Community Developments Investments
Community Developments Investments Community Developments Investments Community Developments Investments
Community Developments Investments

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How Banks Can Expand Their Reach with USDA’s Rural Housing Programs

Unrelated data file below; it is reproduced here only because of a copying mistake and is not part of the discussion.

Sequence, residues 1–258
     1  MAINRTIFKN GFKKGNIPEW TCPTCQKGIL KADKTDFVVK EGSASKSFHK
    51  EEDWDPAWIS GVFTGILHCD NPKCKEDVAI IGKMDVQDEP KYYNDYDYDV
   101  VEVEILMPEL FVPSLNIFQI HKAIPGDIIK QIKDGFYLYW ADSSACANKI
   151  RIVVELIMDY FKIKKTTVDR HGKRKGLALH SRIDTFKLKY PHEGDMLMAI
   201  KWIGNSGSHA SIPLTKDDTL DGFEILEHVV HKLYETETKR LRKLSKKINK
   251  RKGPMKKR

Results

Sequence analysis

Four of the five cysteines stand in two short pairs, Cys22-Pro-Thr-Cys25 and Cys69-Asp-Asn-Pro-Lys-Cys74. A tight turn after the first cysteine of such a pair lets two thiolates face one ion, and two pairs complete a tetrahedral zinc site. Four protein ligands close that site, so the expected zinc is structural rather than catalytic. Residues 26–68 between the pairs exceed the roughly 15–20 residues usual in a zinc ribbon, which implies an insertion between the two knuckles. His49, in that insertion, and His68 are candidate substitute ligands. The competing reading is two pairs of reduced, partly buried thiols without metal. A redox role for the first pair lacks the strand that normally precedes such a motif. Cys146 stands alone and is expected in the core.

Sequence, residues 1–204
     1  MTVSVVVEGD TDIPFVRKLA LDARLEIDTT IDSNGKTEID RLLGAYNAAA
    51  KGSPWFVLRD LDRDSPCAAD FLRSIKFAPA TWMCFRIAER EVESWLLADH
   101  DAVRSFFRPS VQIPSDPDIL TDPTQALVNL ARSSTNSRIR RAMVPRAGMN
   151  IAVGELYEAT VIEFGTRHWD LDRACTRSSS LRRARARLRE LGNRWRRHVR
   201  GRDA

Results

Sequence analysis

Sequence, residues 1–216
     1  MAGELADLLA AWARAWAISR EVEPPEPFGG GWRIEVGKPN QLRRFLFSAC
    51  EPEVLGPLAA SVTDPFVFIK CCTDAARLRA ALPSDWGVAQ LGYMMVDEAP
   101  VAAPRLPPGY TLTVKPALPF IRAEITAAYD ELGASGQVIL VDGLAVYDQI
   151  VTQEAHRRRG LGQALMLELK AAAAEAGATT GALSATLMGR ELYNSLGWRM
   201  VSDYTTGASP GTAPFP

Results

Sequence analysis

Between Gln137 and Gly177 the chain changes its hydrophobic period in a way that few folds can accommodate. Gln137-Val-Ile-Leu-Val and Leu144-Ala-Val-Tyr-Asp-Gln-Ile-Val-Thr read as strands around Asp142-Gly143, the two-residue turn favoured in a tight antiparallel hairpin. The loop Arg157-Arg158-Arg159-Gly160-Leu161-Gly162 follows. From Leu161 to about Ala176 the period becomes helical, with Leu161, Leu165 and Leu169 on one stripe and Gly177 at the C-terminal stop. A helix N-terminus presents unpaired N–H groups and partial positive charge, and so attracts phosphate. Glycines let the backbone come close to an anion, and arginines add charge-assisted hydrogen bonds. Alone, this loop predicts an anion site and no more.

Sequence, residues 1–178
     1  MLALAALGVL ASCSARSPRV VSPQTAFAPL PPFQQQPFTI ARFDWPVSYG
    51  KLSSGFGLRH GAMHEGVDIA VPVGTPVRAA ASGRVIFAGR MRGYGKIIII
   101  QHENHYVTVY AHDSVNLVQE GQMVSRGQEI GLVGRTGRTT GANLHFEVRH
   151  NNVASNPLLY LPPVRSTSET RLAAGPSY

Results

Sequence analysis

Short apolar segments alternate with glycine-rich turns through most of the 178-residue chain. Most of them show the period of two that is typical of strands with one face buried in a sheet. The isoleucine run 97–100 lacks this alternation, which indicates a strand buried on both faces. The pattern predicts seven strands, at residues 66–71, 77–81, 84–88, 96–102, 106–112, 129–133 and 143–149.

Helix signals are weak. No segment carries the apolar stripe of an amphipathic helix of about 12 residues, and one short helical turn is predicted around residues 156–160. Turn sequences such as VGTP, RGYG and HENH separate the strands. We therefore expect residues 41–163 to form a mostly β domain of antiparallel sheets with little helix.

Created in 1963, USDA’s mutual self-help program has been training income-eligible participants to build or rehabilitate their own homes for over 40 years. Sponsoring nonprofit housing organizations provide supervision and training. Families contribute about 65 percent of the labor needed. They work in groups, and no family moves into its new home until all of the houses in the group have been completed. Their “sweat equity” reduces the cost of the home and serves as their down payments. Loans to purchase the home are provided under USDA’s section 502 loan program at a below-market interest rate. Sometimes a direct 502 loan is combined with a loan from a bank to make funds available to a prospective homebuyer (called “leveraged loans”). Leveraged loans benefit participating banks because they obtain first lien position, which can reduce the risk of loss in the event of default. Leveraged loans can also be sold to Fannie Mae and Freddie Mac in the secondary markets. Community Reinvestment Act credit may be available to lenders offering “leveraged loans” in conjunction with the USDA 502 loan program. For details see: http://www.rurdev.usda.gov/rhs/sfh/brief_rhguar.htm